1st D2T Special Seminar 2021 ONLINE
April 7 Wed. 9:00 am- JST
Zoom online
Language: English

1st D2T Special Seminar 2021 ONLINE will be held on April 7 Wednesday 9:00am - JST. we introduce two topics: lectures of FPGA for AI by Dr. Alan Mishchenko and Machine Learning + Electronic Design Automation by Dr. Sat Chatterjee. These two topics are very hot recently. Please join the seminar.

Registration (Free of charge):
Thank you for your attendance. We will announce an on-demand seminar soon.
The seminar uses zoom registration system. If you have questions, please contact D2T office.

Topics:
Chair Person: Akio Higo, Ph.D., d.lab, the University of Tokyo

Talk I
FPGA for AI: General Resource Allocation and Specialized Building Blocks

Dr. Alan Mishchenko, University of California at Berkeley

Abstract
This talk presents resource allocation recommendations for designing FPGAs used to build power-efficient parametrizable neural network accelerators. In order to converge on an "AI-friendly" FPGA, the following questions are addressed: what is a reasonable ratio of LUTs, FFs, DSPs, and BRAMs to be available on FPGAs, and what is a good interconnect structure and IO requirements. The talk also proposes several dedicated hardware blocks for FPGAs meant to accelerate quantized CNNs, including a vectorized traditional DSP unit and a specialized DSP unit for processing numbers with a fixed-bit mantissa and shared exponent designed to match CNN computations. The talk will conclude with a demo video of an FPGA-based accelerator for object detection using a Yolo-style CNN running on Avnet Ultra96-V2 board with Xilinx ZU3EG FPGA.

Biography
Alan graduated with M.S. from Moscow Institute of Physics and Technology (Moscow, Russia) in 1993 and received his Ph.D. from Glushkov Institute of Cybernetics (Kiev, Ukraine) in 1997. In 2002, Alan joined the EECS Department at University of California, Berkeley, where he is currently a full researcher. His research focuses on computationally efficient logic synthesis, formal verification, machine learning, and hardware acceleration.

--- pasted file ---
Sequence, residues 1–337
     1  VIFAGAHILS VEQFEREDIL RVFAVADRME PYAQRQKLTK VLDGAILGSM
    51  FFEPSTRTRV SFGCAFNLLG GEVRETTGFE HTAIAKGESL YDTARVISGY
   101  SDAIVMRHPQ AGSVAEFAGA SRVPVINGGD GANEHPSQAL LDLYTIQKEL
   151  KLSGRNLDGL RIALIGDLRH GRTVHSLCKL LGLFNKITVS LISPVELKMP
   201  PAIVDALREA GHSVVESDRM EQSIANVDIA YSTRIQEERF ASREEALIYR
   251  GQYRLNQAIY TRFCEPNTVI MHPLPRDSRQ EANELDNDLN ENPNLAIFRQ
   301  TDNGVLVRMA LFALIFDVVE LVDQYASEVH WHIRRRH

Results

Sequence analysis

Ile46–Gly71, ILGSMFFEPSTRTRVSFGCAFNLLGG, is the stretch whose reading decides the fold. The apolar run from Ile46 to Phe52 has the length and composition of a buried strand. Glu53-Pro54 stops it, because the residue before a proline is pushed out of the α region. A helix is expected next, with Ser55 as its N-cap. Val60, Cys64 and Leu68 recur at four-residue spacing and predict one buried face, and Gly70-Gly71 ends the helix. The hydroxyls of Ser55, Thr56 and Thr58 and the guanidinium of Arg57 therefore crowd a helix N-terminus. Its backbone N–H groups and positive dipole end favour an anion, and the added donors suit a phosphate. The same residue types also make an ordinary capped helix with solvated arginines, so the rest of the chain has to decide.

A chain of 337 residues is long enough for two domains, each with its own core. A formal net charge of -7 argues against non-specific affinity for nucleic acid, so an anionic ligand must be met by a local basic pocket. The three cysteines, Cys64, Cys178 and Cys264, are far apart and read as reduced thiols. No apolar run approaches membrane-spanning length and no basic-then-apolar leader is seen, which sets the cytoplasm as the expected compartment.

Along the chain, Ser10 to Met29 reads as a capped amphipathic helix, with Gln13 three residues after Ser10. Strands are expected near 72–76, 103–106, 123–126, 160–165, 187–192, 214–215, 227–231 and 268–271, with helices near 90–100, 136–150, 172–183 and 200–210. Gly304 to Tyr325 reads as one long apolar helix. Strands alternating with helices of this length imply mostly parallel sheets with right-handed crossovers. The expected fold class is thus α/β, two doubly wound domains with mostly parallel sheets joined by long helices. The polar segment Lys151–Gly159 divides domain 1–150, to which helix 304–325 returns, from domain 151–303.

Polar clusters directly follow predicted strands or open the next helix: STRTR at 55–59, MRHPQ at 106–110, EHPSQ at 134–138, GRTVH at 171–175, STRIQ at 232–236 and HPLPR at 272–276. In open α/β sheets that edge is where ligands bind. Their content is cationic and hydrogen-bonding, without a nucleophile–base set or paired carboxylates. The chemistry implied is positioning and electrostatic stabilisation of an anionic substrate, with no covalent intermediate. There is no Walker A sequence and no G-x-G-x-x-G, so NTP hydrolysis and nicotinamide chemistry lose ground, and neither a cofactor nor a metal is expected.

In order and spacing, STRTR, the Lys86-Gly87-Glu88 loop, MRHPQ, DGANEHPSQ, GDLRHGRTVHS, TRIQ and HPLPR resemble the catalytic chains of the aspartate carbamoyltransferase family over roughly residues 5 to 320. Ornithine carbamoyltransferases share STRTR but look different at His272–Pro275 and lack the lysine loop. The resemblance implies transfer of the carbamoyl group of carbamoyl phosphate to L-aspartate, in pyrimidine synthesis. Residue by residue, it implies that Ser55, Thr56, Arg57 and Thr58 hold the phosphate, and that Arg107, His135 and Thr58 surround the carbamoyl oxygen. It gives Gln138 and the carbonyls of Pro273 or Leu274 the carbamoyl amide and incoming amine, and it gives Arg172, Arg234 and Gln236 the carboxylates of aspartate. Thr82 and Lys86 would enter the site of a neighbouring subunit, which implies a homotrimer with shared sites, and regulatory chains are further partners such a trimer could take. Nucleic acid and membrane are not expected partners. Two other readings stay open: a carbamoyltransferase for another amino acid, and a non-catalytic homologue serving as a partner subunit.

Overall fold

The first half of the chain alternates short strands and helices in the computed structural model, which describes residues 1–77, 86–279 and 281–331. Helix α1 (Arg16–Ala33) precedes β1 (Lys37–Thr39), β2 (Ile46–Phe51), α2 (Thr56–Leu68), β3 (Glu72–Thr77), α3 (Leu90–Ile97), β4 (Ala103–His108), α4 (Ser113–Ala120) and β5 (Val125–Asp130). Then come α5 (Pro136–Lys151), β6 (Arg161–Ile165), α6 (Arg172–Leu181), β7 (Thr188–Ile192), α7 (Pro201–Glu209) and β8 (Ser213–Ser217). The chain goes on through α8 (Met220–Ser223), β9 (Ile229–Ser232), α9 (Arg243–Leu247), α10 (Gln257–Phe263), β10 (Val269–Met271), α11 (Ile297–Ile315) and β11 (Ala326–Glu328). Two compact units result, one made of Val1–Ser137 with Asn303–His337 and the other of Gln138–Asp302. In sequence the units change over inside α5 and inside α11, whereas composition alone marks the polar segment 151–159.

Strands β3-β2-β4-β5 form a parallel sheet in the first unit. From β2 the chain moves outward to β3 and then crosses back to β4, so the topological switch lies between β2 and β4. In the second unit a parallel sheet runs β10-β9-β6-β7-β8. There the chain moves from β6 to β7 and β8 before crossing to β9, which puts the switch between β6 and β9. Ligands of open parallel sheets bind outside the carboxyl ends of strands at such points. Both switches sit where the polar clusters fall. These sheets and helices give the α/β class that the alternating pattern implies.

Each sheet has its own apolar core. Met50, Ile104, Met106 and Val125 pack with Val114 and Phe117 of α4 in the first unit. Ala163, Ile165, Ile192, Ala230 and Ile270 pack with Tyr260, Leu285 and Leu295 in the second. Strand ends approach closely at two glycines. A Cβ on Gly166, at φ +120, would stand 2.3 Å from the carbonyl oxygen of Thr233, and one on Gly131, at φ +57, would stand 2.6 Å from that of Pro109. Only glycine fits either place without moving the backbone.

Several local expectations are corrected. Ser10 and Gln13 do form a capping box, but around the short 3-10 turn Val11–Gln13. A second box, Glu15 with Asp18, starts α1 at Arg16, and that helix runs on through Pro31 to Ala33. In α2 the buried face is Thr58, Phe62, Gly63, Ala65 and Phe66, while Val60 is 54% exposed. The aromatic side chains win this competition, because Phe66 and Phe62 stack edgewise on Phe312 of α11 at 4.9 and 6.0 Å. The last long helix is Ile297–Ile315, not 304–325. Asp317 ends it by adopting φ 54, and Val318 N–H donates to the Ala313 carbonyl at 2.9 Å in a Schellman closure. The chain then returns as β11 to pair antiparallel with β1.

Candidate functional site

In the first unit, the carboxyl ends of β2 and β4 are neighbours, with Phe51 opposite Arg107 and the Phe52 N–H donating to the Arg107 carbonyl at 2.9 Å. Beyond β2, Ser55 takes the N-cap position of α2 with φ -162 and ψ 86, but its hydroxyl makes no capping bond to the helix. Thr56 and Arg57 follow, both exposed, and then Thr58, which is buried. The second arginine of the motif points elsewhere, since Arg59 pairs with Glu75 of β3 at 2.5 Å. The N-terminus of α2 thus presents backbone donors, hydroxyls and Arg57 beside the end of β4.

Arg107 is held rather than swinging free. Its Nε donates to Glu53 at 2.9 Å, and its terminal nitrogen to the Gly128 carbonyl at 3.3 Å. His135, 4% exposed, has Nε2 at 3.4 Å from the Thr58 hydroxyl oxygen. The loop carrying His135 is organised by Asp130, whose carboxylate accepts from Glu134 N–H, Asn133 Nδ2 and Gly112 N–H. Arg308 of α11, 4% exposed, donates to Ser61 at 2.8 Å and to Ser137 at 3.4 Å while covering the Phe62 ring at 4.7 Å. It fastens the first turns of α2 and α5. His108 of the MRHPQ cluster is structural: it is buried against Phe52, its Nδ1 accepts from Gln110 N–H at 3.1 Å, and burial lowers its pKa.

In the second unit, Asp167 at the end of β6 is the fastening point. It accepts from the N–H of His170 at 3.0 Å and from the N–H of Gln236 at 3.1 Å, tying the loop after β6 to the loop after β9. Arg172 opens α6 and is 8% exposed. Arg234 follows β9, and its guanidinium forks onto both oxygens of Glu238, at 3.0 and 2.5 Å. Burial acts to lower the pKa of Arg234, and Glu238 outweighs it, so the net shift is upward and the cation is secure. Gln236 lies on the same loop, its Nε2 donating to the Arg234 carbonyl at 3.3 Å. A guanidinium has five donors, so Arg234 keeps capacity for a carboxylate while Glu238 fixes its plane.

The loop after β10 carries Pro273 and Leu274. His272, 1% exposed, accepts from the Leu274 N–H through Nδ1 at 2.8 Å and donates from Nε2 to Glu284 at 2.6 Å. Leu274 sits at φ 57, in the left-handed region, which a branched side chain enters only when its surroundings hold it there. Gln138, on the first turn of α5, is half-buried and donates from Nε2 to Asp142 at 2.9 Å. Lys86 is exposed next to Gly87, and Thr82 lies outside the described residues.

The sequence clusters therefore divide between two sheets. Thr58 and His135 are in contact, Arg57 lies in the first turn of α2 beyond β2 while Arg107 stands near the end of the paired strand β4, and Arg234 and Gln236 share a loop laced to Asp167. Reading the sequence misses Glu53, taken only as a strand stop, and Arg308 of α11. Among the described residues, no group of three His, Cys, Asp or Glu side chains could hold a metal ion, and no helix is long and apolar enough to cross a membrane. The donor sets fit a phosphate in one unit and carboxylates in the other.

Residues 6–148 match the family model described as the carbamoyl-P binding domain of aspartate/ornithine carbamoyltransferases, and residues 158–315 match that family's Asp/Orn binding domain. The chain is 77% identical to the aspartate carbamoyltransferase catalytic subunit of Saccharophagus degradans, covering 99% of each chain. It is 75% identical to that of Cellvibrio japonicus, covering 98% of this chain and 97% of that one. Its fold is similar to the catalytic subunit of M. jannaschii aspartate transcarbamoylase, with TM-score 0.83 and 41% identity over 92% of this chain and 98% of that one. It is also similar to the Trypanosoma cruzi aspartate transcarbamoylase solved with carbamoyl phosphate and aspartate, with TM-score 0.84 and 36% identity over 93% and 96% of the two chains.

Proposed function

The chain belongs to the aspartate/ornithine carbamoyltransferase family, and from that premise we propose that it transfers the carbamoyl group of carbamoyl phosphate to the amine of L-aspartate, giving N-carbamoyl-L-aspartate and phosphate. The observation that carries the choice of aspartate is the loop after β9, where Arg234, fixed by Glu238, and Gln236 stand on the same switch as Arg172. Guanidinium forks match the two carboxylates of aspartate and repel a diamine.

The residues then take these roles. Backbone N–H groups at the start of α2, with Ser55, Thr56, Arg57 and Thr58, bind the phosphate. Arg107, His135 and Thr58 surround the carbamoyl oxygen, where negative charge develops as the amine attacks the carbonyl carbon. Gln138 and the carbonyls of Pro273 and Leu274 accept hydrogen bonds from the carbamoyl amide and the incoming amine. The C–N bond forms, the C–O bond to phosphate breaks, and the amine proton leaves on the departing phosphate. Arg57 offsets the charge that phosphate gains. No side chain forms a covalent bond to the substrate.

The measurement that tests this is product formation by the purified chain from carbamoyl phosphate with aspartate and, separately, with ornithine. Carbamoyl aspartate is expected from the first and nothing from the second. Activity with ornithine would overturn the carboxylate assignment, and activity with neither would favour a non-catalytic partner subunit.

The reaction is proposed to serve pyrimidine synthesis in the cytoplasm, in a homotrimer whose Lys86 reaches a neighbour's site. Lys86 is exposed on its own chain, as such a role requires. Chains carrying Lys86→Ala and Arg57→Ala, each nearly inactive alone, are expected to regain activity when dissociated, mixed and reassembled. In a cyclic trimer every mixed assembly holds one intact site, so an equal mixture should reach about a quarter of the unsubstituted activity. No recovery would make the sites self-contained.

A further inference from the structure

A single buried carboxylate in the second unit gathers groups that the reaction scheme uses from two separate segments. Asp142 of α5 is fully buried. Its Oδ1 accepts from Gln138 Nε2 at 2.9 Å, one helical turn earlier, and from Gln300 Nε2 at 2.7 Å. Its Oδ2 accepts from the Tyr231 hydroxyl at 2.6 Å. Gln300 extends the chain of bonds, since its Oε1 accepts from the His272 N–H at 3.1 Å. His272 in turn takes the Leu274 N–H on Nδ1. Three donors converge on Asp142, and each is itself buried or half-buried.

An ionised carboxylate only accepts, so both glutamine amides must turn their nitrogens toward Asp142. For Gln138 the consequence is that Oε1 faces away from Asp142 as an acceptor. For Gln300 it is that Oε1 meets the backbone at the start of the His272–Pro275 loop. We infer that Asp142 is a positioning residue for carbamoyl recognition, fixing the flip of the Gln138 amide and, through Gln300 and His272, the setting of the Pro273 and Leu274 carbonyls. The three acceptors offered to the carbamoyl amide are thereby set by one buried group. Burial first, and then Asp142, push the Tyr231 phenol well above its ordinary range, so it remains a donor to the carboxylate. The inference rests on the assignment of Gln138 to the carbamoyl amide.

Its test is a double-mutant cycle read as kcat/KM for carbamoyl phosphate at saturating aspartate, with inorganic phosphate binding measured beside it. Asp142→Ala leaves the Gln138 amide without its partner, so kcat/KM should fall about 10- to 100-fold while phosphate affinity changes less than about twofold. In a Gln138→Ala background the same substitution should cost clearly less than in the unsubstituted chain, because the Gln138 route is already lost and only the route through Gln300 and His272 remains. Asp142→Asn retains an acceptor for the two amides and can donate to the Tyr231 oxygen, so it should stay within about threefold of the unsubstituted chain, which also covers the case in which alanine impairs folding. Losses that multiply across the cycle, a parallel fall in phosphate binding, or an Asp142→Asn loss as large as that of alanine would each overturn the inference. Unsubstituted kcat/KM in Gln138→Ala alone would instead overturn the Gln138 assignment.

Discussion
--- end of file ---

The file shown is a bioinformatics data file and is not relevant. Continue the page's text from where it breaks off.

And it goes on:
Chair Person: Takashi Matsumoto, Ph.D., d.lab, the University of Tokyo

Talk II
Machine Learning + Electronic Design Automation for Fun and Profit
Dr. Sat Chatterjee
Google

Abstract
This talk will have two parts. The first part (profit?) will touch on two projects where ideas from Machine Learning (ML) can help with problems in Electronic Design Automation (EDA). The first project is about improving coverage by applying black box optimization methods to tuning test parameters. The second is about a contest we organized at the International Workshop on Logic Synthesis (IWLS) 2020 where the goal was to learn an unknown Boolean function from a set of input/output examples (i.e., a careset). Unlike usual logic synthesis optimization objectives such as minimizing area or delay, the goal of the contest was to maximize generalization (albeit under an area constraint). We believe that this line of research could be useful for approximate logic synthesis particularly in ML applications. The second part (fun?) will be on how methods from EDA, and particularly ideas inspired by FPGA lookup tables, can help answer a fundamental question in deep learning today: Why do neural networks generalize when they have sufficient capacity to memorize their training set.

Biography
Sat is an Engineering Leader and Machine Learning Researcher at Google AI. His current research focuses on fundamental questions in deep learning (such as understanding why neural networks generalize at all) as well as various applications of ML (such as hardware design and verification). Before Google, he was a Senior Vice President at Two Sigma, a leading quantitative investment manager, where he founded one of the first successful deep learning-based alpha research groups on Wall Street and led a team that built one of the earliest end-to-end FPGA-based trading systems for general purpose ultra-low latency trading. Prior to that, he was a Research Scientist at Intel where he worked on microarchitectural performance analysis and formal verification for on-chip networks. He did his undergraduate studies at IIT Bombay, has a PhD in Computer Science from UC Berkeley, and has published in the top machine learning, design automation, and formal verification conferences.

Contact
Akio Higo
higo"@"if.t.u-tokyo.ac.jp
ADVANTEST D2T Research Department,
Systems Design Lab (d.lab),
School of Engineering, The University of Tokyo
Tel: +81-3-5841-0233 FAX: +81-3-5841-1093